Talking with the Bereaved
Palliative care includes practical assistance and counselling to bereaved family members. Research has shown that individual and family breakdown can be prevented at this time if support is available to those who need it. Bereaved family members may need legal assistance. Very often the spouse or partner of the person who died will be the one consulting the legal practitioner, in terms of the will. •	 An adult son or daughter may be the main beneficiary of the deceased or they may accompany their parent to give support. •	 Parents of a deceased adult child may come forward with problems accessing a life policy made out to them. It is important to remember that grieving people may be ‘off-balance’ after a death. Judgement and perception may be affected for a while and people say and do things which, a year later, they might regret. The bereaved person is emotionally stressed and is trying to survive; at the same time he or she is called upon to make an extra effort at a time when they feel most vulnerable and exhausted. We know that grieving saps a person’s physical and emotional energy. The lawyer or care giver can help the person to face the reality of the legal and financial situation in a gentle, patient, calm and compassionate way. He/she can explore with the client whether there is another family member who might be able to assist and support them. Where possible, in practical terms, clients can be advised not to make over-hasty decisions and to give themselves six to twelve months before making major changes.
The following may occur after a loved one has died:

Why is it advisable to obtain several copies of the Death Certificate?
A certified copy of the Death Certificate will be needed in the following instances: •	 For pay-out of any insurance policy ceded to the claimant. •	 For the cancelling of debts made by the deceased where there is no liability to pay by family members – such as a son or daughter.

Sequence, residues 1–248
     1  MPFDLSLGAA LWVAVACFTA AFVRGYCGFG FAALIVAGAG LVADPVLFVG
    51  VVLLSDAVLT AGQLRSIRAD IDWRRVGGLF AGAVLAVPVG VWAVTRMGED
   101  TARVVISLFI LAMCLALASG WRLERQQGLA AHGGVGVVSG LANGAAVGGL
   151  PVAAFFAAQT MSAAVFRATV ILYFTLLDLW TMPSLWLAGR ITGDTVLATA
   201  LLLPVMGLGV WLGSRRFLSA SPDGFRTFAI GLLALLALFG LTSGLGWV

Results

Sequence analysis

Converting the house into the name of the surviving spouse or partner, when it is jointowned by the deceased and the partner
•	 If the person died intestate, a letter of authority is required from the Master of the High Court. This is a completed form from the Master’s office stating when the patient died and that there was no will. •	 The municipal account must be fully paid up. Application can then be made through the municipal housing office.
The following must first be completed:

•	 The grieving client forgets an appointment or gets the time wrong. •	 The client cannot locate documents needed or only brings some of the documents. Many telephone calls may be necessary to some clients before all is in order. •	 The client bursts into tears and overwhelms the lawyer with sadness and despair.

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•	 Legal issues should be addressed as early in the illness process as possible. •	 The most common legal requests in palliative care before the death of a patient are for powers of attorney, wills, housing issues, guardianship, advance directives. •	 After the death of a patient, legal advice may be required for any disputes about the will, house transfer and children’s issues. •	 The legal person should be prepared by palliative care staff and have sufficient information before seeing a patient or family member. •	 Cultural knowledge of diversity and an attitude of respect is required. •	 It is essential that both palliative care and legal people debrief properly after distressing encounters in their work. •	 Some understanding of the feelings of the bereaved and the importance of the funeral is helpful knowledge. The provision of legal advice to patients in palliative care and their families empowers individuals and restores hope when hopelessness has made a bid to be in control of the person’s life. It is heartening to know that lawyers, university law departments and law students are willing to be of service at a time when families are in crisis.

Colgan, D. 2007. Hospice Focus Group Overview. Elion, B. & Strieman M. 2005. Clues to Culture. Cape Town: One Life Media. Harris, T. 2006. Volunteer befriending as an intervention for depression. Bereavement Care, 25 (2), 2–30. Mndende, N. 1997. African traditional attitudes to death and dying. CME 15, (7), 793–798. Nieuwmeyer, S.M. 2003. Unpublished MTh dissertation. Women storying HIV/AIDS in Community. Pretoria: UNISA. Waliggo, J.M. et al, 2006. Spiritual and Cultural Care. In A Clinical Guide to Supportive and Palliative Care for HIV/AIDS in Sub-Saharan Africa. Foundation for Hospices in Sub-Saharan Africa (FHSSA).